are shot and killed by white police officers grab the media spotlight 
and shock the public--as well they should. But for every headline-
worthy horror like these, there are thousands of other everyday horrors 
that are unknown by all but their victims: ordinary, law-abiding men 
and women who are systematically harassed and sometimes physically 
intimidated by the police simply because of their ethnicity or the 
color of their skin.
    Moreover, although many public officials now admit that racial 
profiling exists, few have the courage to publicly confront the larger 
context in which it occurs, or the invidious role it plays in our 
national life. Politicians find it difficult to acknowledge that racial 
profiling is but the first step in an inexorable process, justified by 
the so-called war on drugs, that feeds a swollen prison population that 
is overwhelmingly black and brown.
    Racial profiling is a self-fulfilling prophecy based on erroneous 
racial stereotypes about who uses and sells illicit drugs. When the 
American public, including the police, look at who is in prison, they 
see a sea of black and brown faces and assume that people of color are 
responsible for most of the drug-related crime in America. This 
assumption is used to justify racial profiling, and the beat goes on.
    This assumption, however, is false. Every comprehensive study of 
racial profiling has revealed that, in fact, people of color are no 
more likely than whites to be carrying drugs or other contraband in 
their vehicles. Indeed, the Department of Justice's 1999 national 
survey of Contacts Between Police and the Public found that 
``[s]earches of white drivers and their vehicles were more likely to 
find criminal evidence (17%) than searches of blacks (8%).''
    Yet because African-Americans and Latinos are targeted, stopped, 
and searched at grossly disproportionate rates, they are also arrested 
and incarcerated at grossly disproportionate rates. The former New 
Jersey Attorney General dubbed this phenomenon ``the circular illogic'' 
of racial profiling. Law enforcement officials often point to the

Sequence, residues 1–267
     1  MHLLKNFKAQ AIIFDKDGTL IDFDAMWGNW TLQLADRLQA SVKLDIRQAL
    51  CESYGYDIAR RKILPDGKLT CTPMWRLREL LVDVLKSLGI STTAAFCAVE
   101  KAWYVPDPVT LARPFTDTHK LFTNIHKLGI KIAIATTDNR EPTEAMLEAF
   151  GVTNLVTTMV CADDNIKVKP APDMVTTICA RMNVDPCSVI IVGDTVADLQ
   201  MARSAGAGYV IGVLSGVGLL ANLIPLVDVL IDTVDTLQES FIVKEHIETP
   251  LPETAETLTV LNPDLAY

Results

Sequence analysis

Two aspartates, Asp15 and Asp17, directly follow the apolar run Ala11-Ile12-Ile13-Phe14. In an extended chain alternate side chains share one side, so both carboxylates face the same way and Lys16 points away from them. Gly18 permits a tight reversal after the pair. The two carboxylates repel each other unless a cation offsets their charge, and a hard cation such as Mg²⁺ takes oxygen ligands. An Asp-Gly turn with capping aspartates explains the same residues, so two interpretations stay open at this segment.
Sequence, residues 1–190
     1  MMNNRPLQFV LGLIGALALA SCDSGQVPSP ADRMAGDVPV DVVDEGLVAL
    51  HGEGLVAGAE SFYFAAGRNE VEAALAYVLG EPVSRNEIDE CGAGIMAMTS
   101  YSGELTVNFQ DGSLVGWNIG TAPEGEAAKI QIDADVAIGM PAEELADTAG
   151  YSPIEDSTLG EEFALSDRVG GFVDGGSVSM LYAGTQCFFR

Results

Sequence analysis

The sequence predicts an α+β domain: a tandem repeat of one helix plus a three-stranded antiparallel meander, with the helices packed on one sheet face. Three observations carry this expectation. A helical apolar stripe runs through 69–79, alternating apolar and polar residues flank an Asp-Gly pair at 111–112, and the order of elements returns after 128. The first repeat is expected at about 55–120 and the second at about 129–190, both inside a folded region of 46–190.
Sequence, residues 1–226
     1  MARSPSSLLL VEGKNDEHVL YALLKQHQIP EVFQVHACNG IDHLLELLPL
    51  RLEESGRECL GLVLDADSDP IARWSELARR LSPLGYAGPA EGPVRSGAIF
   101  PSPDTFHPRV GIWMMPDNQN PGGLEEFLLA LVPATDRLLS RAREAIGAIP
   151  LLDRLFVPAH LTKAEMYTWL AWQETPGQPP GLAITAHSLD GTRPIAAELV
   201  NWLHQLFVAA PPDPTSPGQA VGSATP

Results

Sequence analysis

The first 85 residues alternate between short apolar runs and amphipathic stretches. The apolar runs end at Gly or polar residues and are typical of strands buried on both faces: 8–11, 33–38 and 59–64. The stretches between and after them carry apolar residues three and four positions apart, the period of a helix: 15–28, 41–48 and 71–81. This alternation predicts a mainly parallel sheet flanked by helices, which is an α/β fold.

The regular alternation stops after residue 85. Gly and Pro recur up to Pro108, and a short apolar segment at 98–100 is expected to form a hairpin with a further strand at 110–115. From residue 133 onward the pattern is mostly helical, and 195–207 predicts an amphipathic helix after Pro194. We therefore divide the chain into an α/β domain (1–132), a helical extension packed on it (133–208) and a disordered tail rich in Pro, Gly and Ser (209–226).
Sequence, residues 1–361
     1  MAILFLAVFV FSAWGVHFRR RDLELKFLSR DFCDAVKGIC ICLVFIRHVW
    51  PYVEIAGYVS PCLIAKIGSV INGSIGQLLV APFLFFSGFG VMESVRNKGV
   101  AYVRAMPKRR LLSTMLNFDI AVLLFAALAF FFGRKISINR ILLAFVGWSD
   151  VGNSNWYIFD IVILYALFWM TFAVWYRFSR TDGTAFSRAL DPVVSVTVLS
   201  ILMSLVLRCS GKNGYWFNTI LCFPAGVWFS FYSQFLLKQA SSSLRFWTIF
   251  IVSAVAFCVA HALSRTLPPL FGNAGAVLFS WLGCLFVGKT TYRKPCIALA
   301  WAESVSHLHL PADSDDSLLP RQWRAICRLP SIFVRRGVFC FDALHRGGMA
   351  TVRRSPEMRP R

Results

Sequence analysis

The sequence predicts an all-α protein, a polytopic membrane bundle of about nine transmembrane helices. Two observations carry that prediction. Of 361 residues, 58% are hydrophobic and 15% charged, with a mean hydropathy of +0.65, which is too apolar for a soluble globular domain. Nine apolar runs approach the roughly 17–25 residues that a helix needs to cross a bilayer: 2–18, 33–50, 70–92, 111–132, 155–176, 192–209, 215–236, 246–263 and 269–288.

racial composition of our prisons and jails as a justification for 
racial profiling, yet the racial makeup of those behind bars is itself 
largely a product of racial profiling.
    Police officials typically justify racial profiling programs with 
the claim that they target African-American and Latino neighborhoods 
and cars because ``that is where the drugs are.'' But in truth, study 
after study shows that whites and nonwhites alike use and traffic in 
illegal drugs at rates that roughly match their percentages in the 
general population. So, for example, African-Americans make up 13% of 
the population and, according to the government's own best statistics, 
they constitute 15 to 20% of the nation's illicit drug users. Yet, they 
are 74% of those imprisoned for drug possession. The disproportionate 
number of people of color who are caught with drugs reflects not who 
uses or sells drugs more, but who is stopped and searched for drugs 
more.
    A matrix of government policies and practices conspires to 
perpetuate the over-incarceration of black and brown men, and the 
terrible effects are now all too familiar. The Sentencing Project, 
which tracks and analyzes criminal justice statistics, calculates that 
almost one in three (32%) of black men ages 20-29 are incarcerated, on 
probation, or on parole (as compared to one in 15 white men of the same 
age range). This has had a devastating impact not only on hundreds of 
thousands of individual lives, but on minority families and 
communities.
    Much less notice, however, has been paid to the crucial role that 
racial profiling has paid in producing these statistics. Police 
officers who assume that black and brown drivers are carrying drugs, 
and who therefore engage in racial profiling, cast the massive dragnet 
that plucks people off the highways and streets and drops them into the 
criminal justice system.
    Although traffic stops and searches are the form of racial 
profiling that has received the most media attention, profiling takes 
place off the roadways as well. Black and Latino pedestrians, 
particularly in certain neighborhoods, are regularly stopped and 
frisked without reasonable cause. Customs officials at international 
airports systematically target members of certain racial and ethnic 
groups, particularly black women, for intrusive and degrading personal 
searches, based on the false assumption that they are more likely to be 
transporting drugs.
    Recent statistics from the New York District of the Immigration and 
Naturalization Service reveal that, for years, the INS has engaged in 
racial profiling as well. INS agents systematically single out Latinos 
in workplace raids, and 95 percent of people arrested by the INS-NY are 
from Mexico, Central America, and South America--a figure grossly 
disproportionate to the demographic makeup of the area's population of 
undocumented aliens.
    Moreover, the ACLU is aware of incidents in which black boys on 
bicycles have been stopped and harassed by the police for being ``in 
the wrong neighborhood,'' and in which black teenagers have been 
singled out on the basis of their skin color, and falsely accused of 
crimes committed in swimming pools.